$260 members and non-members (pro-rated)
Register online here.

Start date extended: Join us this Sunday! Copperplate is an elegant hand developed during the age of the great writing masters. This script is used extensively for invitations and formal events. We will introduce the use of the flexible pointed nib and learn the basic letter forms for minuscules and majuscules with emphasis on learning to see the underlying basic forms of this hand. (Note: This class runs 5.5-hours each Sunday with a half hour for lunch. Class on Oct 22 will end at 2:00pm)

(Artwork by Elinor Holland)


The Telling Magic of Storybook Illumination with Renee Jorgensen
Saturday/Sunday, September 23 & 24, 2017
$160 members/$200 non-members

Storybook Illumination was offered in 2013 at the Colorado Springs calligraphy conference. It has taken until 2017 for SoS to have Renee Jorgensen here as her workshops are consistantly in demand. I can’t recommend this instructor highly enough to those who want to combine calligraphy with illustration/illumination and create a personal story.

Renee’s knowledge of design and color is truly amazing. The class helped me turn the corner and produce quality layouts for future work. Her techniques to get the creative juices flowing are invaluable. Renee’s suggestions and feedback on your design piece are always spot on. I can’t wait to study with her again—don’t miss this one.

—Susan Steele

(Artwork by Renee Jorgensen)


Shani Avni: Ismar David and the First Hebrew Typeface Family
Wednesday, August 9, 2017 from 6:30 to 8:30 pm
Type Directors Club, 347 W. 36th Street #603
TDC members $5, non-members $22.09, students $16.82
Register online here.

Members may be interested in this lecture, sponsored by our friends at the Type Directors Club…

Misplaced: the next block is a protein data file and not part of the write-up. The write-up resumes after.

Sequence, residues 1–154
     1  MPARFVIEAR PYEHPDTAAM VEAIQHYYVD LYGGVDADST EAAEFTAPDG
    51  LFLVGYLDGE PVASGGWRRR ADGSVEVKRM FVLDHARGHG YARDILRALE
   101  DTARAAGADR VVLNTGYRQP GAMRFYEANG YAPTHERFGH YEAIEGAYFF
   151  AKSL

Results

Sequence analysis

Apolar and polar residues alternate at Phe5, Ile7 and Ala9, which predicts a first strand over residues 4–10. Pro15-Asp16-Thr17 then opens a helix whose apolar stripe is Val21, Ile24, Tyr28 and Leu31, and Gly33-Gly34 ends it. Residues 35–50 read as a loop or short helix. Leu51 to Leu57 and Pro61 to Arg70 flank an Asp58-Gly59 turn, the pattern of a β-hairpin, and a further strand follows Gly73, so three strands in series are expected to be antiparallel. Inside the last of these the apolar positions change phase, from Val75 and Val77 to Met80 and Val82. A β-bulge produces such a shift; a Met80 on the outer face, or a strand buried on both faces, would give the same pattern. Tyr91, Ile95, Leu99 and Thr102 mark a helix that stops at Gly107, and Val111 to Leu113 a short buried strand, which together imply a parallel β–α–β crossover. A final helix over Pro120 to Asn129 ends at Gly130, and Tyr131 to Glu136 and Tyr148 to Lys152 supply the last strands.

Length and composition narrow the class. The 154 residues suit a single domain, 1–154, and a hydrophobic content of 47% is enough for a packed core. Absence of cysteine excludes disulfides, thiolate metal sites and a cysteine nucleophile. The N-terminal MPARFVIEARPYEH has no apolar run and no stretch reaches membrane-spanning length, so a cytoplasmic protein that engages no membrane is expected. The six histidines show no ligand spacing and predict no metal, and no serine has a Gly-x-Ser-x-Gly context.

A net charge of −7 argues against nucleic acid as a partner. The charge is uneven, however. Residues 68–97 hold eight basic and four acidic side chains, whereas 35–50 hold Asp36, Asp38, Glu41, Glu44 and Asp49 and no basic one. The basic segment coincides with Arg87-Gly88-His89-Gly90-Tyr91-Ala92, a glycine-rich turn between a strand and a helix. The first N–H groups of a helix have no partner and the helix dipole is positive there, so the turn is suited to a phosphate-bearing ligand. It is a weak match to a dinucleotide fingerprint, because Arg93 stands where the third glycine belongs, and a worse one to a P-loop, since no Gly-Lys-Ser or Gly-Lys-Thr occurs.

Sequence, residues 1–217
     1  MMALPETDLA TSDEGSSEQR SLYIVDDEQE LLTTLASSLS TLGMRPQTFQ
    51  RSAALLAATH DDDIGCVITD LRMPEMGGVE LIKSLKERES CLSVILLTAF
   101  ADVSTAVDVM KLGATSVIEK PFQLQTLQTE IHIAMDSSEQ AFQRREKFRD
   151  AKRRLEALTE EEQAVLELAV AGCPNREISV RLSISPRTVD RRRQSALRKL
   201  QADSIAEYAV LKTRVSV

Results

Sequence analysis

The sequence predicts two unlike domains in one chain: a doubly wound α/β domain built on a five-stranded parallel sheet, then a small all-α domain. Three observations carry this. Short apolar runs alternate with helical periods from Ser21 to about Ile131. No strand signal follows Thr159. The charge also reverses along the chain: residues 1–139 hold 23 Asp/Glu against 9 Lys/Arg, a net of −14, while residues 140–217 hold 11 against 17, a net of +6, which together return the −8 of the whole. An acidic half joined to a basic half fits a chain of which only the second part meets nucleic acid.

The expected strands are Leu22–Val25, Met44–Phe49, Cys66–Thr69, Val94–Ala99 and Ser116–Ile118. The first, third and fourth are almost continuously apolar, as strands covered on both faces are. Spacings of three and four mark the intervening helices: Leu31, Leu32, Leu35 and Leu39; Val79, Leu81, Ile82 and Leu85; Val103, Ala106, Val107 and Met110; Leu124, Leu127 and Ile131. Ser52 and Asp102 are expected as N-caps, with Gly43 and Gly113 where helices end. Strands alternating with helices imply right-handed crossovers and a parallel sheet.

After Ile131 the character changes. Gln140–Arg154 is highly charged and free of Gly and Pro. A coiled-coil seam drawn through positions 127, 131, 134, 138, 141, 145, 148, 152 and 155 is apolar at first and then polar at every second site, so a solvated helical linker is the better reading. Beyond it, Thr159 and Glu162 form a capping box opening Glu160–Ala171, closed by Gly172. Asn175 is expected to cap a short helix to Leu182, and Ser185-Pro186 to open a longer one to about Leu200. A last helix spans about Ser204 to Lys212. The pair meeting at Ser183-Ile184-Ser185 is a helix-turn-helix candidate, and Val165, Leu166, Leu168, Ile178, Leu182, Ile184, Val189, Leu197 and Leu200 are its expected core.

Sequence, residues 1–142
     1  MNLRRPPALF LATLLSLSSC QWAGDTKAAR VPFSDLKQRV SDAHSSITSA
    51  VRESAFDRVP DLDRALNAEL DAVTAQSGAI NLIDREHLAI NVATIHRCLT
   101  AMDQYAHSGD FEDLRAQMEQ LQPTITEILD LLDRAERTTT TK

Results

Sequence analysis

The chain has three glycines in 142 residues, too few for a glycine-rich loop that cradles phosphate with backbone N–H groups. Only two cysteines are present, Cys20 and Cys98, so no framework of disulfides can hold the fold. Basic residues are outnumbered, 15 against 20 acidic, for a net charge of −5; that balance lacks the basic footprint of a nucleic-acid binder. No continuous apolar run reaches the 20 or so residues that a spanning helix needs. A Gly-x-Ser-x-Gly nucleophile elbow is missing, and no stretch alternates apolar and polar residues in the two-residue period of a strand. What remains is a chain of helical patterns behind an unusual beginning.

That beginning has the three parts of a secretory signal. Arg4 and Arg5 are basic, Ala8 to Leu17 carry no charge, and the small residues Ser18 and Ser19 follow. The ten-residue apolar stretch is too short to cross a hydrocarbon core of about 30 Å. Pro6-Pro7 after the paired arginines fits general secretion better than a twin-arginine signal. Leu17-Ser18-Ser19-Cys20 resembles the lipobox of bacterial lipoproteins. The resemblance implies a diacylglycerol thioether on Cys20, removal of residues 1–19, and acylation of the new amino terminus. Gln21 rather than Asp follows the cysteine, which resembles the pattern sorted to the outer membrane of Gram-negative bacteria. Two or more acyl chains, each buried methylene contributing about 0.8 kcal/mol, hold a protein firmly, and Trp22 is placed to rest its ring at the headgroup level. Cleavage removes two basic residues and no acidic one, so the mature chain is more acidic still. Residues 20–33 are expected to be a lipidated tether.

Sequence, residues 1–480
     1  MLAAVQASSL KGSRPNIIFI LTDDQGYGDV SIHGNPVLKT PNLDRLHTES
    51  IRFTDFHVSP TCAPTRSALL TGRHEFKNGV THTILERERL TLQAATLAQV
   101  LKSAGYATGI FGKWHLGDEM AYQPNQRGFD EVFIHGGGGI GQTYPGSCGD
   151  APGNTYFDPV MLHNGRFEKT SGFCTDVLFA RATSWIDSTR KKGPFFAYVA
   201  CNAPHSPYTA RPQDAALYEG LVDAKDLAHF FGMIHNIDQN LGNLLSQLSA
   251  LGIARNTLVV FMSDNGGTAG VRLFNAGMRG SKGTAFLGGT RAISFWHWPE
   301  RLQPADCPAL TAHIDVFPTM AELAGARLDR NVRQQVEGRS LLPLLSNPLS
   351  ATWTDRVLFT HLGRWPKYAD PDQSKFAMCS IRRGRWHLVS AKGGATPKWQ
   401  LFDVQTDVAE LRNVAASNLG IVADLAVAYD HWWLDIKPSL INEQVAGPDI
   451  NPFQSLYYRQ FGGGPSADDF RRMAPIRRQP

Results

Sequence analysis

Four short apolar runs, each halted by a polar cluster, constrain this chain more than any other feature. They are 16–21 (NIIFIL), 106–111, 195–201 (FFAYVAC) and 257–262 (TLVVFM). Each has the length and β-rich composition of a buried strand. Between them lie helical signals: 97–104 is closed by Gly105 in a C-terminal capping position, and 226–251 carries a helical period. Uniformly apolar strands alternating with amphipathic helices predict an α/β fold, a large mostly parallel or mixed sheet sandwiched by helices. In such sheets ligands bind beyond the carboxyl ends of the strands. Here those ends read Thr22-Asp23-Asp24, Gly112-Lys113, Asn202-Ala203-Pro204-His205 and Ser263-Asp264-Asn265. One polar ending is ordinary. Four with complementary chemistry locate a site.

Ismar David was a prolific calligrapher, type designer, illustrator, architect and educator. From the 1930s until the 1990s, he lived and worked in Berlin, Jerusalem and New York and created a manifold of exquisite designs. His most important work is considered to be the David Hebrew Typeface family. It was the first of its kind when it was issued in 1954, and up until today it is the pinnacle of Hebrew type design. What are the challenges entailed in designing a Hebrew typeface family? How did David tackle these obstacles? Why is this work paramount and what has become of it over the years? This talk is based on Shani Avni’s research for her MA thesis at the University of Reading. In it she will shed some light on David’s fascinating design process and ground-breaking results.

Shani Avni is an independent designer and researcher. Fascinated with letters and the stories they tell, she collaborates with designers and educators in order to expose more practitioners to this subject through workshops and lectures. For her Typeface Design MA thesis from the University of Reading, UK, she researched Ismar David​’s type design​ and continues to do so. Shani has been chosen for the 2017 Cary Collection Summer Research Fellowship at the Rochester Institute of Technology, US, where the work of David is archived. She continues in an effort to make additional historical information available as both an academic and a practical source of reference.

(Artwork by Ismar David)


Introducing our Fall 2017 Classes/Workshops. **
Registration will open on August 4th: current members will get an email with pre-registration links at 7am; links will be published online for everybody on August 5th.

2 Sundays, Sept 17 & 24 – Copperplate Intensive with Marcy Robinson
5 Saturdays, starting Sept 30 – Italic with Anna Pinto